Veal Marengo has an intriguing history, straight from the pages of Napoleon's life. Legend has it that following his 1800 victory against Austria in the battle of Marengo, Napoleon asked his chef to prepare a meal for the officers. When the chef said that ingredients were scarce, Napoleon responded, "That's how you recognize a good chef; they can do something from nothing." From the bounty of Northern Italy, where the battle took place, the chef assembled veal, tomatoes, mushrooms and wine: Veal Marengo. Chef and owner Eric Masson does hail from Paris, where he studied for four years at Ferrandi's, the culinary school whose namesake is Masson's new restaurant, on Route 67 in Manny's Corner, a hamlet just outside of Amsterdam. Masson gained his experience by working at about 20 different Parisian restaurants before and after graduation. Eventually, he managed a restaurant in Paris for five years. He arrived in the United States in April, and opened Ferrandi's on July 8. His wife, Kimberlee, whom he met in Paris, is from Amsterdam, which explains the restaurant's location. On Ferrandi's menu, expect escargot and frog's legs scampi, scallops in a puff pastry and duck. While the menu is predominantly classic French, Masson included some Italian and American dishes. French cuisine is somewhat rare in the Capital Region, but Masson finds people appreciative, except, perhaps, about one point he occasionally hears: Americans tend to consider the portions small, but pricey. Masson has tried to accommodate the American palate and believes the meals he prepares are reasonably portioned. Look for special events at Ferrandi's, which keeps winter hours for dinner, Wednesday through Sunday, as well as Sunday brunch. Masson has already hosted a Beaujolais party, and La Fete des Rois, the Festival of Kings. The Festival of Kings is a tradition dating to 1311, when a cardinal in the north of France decided to hold a drawing, with the winner declared king for a day. A cake, or Galette des Rois, holds a hidden porcelain token, such as a small model of the Arc de Triomphe. The person who gets the slice with the feve, the prize used as the hidden treasure, becomes king for a day.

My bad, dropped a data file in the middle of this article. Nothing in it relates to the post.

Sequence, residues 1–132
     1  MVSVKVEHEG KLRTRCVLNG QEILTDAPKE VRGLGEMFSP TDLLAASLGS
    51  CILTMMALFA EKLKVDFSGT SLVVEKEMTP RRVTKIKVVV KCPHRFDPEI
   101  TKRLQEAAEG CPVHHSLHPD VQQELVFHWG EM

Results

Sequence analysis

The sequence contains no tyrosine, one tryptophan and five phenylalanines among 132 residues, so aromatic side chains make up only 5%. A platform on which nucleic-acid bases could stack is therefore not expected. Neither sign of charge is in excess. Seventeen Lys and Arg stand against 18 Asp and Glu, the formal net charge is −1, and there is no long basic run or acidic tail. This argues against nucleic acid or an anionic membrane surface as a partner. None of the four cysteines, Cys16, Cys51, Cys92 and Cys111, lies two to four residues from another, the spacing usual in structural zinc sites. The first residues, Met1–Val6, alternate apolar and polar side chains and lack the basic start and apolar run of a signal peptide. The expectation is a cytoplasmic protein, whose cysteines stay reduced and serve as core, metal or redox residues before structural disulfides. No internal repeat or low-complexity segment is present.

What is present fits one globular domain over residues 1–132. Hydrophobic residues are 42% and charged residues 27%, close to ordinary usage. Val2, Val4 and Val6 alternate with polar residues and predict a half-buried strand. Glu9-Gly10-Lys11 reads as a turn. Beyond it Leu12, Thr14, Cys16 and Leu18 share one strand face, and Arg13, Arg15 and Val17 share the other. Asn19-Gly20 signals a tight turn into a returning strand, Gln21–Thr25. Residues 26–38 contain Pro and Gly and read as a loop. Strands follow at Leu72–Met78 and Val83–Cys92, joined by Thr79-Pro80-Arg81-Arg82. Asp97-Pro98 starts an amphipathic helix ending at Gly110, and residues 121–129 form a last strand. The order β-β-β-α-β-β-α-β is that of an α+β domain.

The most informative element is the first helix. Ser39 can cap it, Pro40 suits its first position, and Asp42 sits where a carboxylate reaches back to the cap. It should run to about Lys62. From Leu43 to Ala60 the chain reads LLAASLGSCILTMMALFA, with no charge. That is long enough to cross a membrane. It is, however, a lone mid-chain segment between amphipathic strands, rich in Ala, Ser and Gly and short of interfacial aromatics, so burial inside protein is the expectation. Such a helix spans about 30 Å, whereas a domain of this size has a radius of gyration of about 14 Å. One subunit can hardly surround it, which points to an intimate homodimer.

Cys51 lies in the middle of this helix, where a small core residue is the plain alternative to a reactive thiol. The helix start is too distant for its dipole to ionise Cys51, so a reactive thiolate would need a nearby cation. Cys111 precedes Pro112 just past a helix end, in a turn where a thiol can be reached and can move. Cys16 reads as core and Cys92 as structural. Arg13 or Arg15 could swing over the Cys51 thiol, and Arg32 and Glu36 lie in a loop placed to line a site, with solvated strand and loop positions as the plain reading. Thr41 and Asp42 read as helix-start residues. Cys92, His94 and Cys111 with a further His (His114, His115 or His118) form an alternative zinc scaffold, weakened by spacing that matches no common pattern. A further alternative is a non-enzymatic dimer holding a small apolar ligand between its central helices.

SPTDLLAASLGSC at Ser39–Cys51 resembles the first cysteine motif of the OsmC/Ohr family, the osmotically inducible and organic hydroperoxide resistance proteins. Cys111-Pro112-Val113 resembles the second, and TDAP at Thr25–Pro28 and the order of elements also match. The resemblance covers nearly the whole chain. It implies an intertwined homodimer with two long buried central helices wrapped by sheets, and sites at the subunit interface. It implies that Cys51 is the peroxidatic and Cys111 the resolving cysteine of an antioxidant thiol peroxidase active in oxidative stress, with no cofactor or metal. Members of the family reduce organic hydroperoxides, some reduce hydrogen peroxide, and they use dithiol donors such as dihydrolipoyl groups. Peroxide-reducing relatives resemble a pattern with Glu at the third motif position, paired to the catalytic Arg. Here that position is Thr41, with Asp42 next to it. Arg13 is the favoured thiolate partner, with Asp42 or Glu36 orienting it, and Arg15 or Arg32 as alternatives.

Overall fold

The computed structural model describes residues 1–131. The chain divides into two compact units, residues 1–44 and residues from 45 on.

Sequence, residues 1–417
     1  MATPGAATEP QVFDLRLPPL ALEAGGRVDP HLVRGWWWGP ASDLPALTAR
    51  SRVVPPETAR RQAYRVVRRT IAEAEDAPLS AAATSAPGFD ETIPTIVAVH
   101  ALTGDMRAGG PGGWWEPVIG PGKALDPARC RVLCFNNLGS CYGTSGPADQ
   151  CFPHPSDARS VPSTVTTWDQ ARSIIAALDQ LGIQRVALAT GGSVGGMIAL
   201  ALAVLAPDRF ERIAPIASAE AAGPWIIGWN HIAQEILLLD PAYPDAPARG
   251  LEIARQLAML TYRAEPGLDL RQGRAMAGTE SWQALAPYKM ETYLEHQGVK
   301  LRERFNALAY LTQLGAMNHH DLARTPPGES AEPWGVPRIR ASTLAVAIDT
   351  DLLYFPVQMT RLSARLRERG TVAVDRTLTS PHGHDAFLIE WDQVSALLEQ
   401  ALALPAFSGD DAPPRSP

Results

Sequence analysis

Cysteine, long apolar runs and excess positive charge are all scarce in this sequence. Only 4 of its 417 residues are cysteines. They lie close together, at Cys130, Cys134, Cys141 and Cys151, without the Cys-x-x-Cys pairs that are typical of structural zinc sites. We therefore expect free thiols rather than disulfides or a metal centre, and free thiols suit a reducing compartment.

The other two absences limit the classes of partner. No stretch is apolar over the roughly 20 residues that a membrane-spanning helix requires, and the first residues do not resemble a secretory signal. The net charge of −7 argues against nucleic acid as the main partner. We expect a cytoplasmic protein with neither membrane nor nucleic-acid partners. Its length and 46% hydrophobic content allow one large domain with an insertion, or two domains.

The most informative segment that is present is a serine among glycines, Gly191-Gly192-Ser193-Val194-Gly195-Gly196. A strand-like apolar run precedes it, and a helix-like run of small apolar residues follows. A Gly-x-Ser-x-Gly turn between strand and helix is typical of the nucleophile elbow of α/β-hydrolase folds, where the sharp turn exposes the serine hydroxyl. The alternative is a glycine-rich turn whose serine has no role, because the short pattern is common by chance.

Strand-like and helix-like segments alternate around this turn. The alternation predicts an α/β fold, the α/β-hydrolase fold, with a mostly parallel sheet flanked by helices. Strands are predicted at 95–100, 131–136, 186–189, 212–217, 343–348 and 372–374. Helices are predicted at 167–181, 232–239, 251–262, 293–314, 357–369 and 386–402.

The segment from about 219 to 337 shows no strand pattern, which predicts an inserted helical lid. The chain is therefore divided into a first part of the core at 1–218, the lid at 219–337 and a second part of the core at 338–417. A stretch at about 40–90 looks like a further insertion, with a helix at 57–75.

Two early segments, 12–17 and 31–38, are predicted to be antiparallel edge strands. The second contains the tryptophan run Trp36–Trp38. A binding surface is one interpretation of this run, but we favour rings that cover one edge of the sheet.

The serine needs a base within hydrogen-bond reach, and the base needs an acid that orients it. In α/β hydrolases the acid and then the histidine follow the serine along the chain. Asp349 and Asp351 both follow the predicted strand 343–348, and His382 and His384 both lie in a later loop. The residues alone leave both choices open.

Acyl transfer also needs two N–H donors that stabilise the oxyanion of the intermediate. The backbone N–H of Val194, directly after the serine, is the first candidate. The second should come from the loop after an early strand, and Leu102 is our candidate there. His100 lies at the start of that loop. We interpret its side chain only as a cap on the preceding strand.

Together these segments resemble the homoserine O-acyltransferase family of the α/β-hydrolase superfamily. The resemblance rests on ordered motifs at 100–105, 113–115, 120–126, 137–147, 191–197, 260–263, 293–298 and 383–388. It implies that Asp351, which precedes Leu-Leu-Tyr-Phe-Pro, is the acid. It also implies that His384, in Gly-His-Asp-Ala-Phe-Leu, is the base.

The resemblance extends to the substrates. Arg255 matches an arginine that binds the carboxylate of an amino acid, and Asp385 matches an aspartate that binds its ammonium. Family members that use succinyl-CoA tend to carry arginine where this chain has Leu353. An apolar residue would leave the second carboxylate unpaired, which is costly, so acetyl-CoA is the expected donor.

VEAL MARENGO (Serves 4) 1 carrot 1 small onion 6 white mushrooms 4 tomatoes 1 small eggplant 10 ounces boneless veal shoulder, cut in 1-ounce cubes Olive oil 2 cloves garlic, cut in 4 pieces 2 pinches fresh thyme 1/4 cup plus 2 tablespoons white wine 1/2 ounce black olives Salt and pepper Dice vegetables into 1/2 inch pieces In a stew pot, saute veal in very hot olive oil until golden brown. Add carrot, onion, mushrooms, tomatoes and eggplant and cook another 5 minutes. Add garlic, thyme, wine, olives and salt and pepper to taste. Cover. Slowly cook for an hour, stirring if necessary.